Short casts: Shad return to the Musky, a fresh look at 'Middle America,' Umpqua steps up on the Tongass

Anglers casting for trout on New Jersey’s Musconetcong River made a welcome discovery this month—American shad have returned to the river following the removal last year of the Hughesville Dam in Warren County. A number of lower-river dams have come out in recent years, opening up six miles of spawning habitat for anadromous fish, like shad and striped bass. It’s certainly a welcome development for anglers, and it speaks to the river’s improving health.

From good news on the East Coast, to the state of environmental affairs in “middle America,” Madeline Ostrander of The Nation writes about conservation in stewardship in the Interior, where environmentalism often looks a little different than it does on the coasts. In her piece focusing on the book, “Rancher, Farmer, Fisherman” by Miriam Horn, Ostrander offers a unique perpective on Middle America as a place, not as a state of mind. It’s worth a read if you’re interested in getting inside the heads of folks who work the land and still want to see it protected for coming generations.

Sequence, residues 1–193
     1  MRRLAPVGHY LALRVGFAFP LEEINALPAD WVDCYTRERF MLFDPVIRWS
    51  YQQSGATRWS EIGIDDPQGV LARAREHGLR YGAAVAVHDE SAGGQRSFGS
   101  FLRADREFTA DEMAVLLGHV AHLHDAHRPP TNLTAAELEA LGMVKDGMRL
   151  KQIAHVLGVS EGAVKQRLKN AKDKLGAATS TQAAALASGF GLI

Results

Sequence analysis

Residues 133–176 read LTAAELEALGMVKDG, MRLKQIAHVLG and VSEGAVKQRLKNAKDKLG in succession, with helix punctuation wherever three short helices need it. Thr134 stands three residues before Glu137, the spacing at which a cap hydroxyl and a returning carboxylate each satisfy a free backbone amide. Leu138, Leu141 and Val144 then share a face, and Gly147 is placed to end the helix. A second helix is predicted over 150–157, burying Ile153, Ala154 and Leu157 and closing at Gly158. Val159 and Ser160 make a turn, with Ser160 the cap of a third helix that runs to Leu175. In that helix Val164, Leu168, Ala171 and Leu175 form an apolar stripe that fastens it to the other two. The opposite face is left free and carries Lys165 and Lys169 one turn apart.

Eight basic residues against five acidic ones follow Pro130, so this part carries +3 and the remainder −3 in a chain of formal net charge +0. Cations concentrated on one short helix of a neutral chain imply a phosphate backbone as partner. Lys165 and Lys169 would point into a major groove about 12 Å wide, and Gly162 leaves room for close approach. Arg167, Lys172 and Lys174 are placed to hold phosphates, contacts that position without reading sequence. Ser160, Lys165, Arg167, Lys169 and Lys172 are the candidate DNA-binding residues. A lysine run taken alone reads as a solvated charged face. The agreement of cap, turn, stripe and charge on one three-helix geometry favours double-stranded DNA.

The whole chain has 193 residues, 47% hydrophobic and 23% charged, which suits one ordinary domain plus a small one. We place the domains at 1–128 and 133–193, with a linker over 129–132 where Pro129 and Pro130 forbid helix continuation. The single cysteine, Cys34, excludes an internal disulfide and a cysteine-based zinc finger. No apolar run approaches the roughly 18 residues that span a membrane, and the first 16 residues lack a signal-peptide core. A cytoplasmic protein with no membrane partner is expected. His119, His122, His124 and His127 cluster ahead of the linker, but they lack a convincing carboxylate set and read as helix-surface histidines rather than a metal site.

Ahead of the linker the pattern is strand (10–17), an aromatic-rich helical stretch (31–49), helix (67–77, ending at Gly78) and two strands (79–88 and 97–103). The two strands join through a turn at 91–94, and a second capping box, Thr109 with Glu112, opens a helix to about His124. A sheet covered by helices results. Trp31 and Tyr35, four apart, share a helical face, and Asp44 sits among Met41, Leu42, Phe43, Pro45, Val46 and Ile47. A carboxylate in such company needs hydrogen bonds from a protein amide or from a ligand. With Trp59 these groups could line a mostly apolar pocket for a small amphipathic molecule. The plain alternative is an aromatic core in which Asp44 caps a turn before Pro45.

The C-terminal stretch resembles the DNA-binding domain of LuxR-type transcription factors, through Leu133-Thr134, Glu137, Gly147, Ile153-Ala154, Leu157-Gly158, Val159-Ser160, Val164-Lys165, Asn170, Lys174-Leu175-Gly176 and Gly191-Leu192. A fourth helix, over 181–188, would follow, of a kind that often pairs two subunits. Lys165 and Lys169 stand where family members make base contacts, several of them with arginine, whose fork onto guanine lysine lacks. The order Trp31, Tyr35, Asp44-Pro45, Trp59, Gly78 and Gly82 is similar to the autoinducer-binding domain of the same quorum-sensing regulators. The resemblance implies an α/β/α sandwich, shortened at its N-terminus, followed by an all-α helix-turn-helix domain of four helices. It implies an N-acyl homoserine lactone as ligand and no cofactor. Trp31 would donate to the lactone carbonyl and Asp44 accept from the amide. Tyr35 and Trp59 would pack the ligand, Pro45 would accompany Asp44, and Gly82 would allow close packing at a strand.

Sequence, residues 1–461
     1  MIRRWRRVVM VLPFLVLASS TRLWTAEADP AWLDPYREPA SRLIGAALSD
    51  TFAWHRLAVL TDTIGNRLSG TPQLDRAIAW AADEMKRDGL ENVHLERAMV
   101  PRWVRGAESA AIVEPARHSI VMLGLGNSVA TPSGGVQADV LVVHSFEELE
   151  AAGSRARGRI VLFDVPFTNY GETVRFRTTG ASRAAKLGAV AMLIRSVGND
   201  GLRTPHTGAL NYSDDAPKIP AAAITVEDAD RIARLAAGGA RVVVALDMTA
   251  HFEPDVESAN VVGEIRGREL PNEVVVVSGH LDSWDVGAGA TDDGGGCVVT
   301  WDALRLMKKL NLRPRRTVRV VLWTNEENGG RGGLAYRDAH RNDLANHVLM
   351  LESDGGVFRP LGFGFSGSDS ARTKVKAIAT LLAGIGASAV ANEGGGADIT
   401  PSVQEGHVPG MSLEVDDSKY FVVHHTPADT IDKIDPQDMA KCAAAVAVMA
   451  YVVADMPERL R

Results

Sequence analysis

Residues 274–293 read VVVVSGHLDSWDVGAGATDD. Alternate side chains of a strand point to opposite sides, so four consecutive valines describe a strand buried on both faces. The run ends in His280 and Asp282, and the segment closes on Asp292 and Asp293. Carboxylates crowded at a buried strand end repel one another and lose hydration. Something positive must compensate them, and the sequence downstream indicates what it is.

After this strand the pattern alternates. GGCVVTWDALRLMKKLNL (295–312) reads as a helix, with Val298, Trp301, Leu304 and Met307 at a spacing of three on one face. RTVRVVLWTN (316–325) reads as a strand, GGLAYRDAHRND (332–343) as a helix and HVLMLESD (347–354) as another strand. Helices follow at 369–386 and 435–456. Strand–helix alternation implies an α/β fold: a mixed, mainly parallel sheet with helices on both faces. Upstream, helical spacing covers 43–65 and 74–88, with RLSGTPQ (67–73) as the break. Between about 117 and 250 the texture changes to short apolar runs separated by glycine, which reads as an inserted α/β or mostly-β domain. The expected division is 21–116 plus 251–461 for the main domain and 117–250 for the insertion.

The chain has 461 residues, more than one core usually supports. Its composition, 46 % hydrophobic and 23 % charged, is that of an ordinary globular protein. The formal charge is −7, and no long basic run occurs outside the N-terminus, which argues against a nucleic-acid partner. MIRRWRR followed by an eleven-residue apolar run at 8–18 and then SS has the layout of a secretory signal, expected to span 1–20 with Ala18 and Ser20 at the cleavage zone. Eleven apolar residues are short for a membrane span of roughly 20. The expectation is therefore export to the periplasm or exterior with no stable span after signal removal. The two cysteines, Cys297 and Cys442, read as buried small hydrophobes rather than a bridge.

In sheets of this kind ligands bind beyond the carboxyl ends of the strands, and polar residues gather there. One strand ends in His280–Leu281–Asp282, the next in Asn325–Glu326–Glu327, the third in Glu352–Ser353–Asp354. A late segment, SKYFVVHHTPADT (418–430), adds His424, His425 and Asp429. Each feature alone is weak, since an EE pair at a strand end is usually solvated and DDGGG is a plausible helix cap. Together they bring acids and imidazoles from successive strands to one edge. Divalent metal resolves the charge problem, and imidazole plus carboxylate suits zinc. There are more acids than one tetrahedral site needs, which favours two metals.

In Alaska, fresh threats to the public Tongass National Forest are rearing their heads, but Umpqua Feather Merchants, maker of quality flies and provider of high-end tying materials, is stepping up to help protect the nation’s largest (and, I would argue, fishiest) national forest. The company is working with the Sportsmen’s Alliance for Alaska and TU to raise $45,000 to protect high-quality salmon and trout watersheds on “America’s Salmon Forest.” Corporate partners like Umpqua are key to ongoing conservation measures on the Tongass and elsewhere, where threats of privatization and poorly planned extraction put in peril both commercial and recreational fishing that drive the regional economy. We need more companies with “skin in the game” to step up and help protect the resources their customers depend on for angling opporunity.

— Chris Hunt

By Chris Hunt.